Microsoft’s highly anticipated Xbox vidgame console will hit store shelves in November, in time for the holiday season, the computer giant announced Wednesday at gaming confab E3 in Los Angeles.
Xbox, which will be competing against gaming stalwarts Sony’s PlayStation 2 and Nintendo’s Gamecube for a piece of the $6.5 billion industry, will go on sale on Nov. 8. for $299, the same price as rival PlayStation 2, which bowed last year. In an interesting move, Gamecube goes on sale Nov. 5.
Microsoft, Nintendo and Sony held press conferences Wednesday to showcase their next-generation consoles. Gaming industry’s Electronic Entertainment Expo kicks off today.
In an effort to avoid the supply-and-demand problems that Sony suffered with its system last year, Microsoft plans to have 600,000 to 800,000 consoles ready at launch and anticipates between 1 and 1.5 million consoles by the end of 2001.
Because vidgames are what sell a console, Microsoft plans to have between 15 and 20 game titles available when the console bows, and it officially announced more than two dozen companies that are creating games for the company, including Bandai, Eidos, Electronic Arts, LucasArts Entertainment and Sega Entertainment.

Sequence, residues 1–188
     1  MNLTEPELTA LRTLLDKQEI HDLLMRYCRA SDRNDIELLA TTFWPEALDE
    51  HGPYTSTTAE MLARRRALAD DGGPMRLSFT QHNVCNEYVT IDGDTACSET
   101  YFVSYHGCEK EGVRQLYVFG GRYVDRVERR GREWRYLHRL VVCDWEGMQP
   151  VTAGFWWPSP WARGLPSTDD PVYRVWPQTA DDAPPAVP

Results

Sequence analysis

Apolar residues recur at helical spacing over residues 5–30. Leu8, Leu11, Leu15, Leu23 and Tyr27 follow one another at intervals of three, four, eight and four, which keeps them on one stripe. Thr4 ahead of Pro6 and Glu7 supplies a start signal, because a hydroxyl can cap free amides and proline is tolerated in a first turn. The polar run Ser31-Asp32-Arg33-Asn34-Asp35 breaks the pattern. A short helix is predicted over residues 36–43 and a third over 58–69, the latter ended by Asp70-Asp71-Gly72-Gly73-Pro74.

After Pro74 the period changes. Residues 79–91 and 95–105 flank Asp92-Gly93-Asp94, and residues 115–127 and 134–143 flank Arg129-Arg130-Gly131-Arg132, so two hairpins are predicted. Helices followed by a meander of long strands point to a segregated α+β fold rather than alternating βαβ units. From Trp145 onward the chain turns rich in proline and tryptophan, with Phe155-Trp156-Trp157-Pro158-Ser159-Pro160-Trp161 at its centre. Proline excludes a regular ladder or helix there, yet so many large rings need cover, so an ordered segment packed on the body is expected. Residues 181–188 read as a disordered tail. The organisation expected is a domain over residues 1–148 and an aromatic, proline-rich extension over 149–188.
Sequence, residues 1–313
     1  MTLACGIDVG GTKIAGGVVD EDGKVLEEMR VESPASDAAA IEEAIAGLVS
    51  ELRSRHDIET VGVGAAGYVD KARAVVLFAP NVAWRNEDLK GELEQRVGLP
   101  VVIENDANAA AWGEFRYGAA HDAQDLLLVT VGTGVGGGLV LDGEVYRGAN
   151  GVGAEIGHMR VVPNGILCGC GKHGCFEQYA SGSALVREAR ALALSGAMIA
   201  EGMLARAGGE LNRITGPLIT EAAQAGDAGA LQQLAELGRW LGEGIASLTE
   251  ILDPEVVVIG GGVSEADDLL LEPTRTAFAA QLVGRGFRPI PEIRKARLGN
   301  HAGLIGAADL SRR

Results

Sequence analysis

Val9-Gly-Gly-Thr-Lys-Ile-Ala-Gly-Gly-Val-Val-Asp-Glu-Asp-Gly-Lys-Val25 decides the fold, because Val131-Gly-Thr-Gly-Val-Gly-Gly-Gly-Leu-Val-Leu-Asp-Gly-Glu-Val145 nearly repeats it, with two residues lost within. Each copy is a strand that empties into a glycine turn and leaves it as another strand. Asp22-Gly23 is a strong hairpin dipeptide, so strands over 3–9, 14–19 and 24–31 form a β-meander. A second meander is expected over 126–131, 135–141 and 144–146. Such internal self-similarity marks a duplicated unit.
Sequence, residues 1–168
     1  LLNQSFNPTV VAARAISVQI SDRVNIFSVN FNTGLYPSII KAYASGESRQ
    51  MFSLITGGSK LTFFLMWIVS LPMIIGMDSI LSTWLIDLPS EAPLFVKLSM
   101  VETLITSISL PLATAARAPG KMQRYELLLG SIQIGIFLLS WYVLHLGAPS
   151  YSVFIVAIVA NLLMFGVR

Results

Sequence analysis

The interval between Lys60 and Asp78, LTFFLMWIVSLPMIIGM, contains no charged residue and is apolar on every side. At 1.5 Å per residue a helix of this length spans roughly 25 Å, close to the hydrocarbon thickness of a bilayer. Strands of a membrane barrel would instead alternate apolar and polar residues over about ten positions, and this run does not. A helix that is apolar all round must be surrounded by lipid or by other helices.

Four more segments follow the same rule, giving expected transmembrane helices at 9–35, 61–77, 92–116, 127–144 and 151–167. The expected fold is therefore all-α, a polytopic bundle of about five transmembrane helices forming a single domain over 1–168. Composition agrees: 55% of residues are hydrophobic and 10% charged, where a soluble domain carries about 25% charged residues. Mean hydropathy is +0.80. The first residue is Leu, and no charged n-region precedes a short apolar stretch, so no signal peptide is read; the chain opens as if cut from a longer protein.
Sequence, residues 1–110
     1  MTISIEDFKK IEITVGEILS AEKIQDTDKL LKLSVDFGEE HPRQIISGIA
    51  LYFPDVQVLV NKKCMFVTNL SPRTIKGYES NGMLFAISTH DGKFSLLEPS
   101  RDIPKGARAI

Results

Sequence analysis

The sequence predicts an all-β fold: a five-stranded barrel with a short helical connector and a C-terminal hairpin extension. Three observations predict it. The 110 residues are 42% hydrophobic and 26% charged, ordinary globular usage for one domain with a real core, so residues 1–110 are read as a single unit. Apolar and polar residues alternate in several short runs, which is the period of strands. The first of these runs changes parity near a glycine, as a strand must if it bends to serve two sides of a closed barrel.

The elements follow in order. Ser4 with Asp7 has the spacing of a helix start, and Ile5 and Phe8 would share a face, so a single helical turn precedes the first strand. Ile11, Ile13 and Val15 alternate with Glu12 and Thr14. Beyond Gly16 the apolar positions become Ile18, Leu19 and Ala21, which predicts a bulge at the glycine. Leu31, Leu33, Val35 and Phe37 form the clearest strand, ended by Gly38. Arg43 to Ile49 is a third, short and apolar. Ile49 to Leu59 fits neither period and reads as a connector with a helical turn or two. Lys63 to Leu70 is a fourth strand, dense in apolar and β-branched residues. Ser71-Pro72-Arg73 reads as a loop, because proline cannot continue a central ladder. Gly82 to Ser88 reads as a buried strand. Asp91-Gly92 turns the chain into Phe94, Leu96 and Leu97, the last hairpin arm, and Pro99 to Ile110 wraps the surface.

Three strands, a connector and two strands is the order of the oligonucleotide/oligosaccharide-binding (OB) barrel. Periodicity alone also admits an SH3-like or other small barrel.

Among the first exclusive titles to hit the system will be games adapted from summer Hollywood pics including “Shrek” and Steven Spielberg’s “A.I,” as well as “Tony Hawk’s Pro Skater 3” and “Tom Clancy’s Ghost Recon.”
As accessing online games is viewed as the future of the game console (as opposed to buying separate software in stores), the Xbox will connect to the Internet.
PlayStation 2 announced Tuesday a partnership with America Online to give its console Internet connectivity via a separate modem, a feature that it initially lacked.
Separately, Sony said Wednesday that its PlayStation 2 line has inked a deal with streaming media giant RealNetworks to include the company’s RealPlayer 8 software inside Sony’s future consoles. Deal is a coup and puts Real’s software in front of more auds, giving it an edge over Microsoft’s Windows Media Player.
By offering game developers access to the Real software in development kits, games could now include things like RealPlayer-streamed ads on billboards in the backgrounds of games. Sony also said that it has inked a development deal with Macromedia to enable game designers to create games using the mostly Web-based Flash animation technology.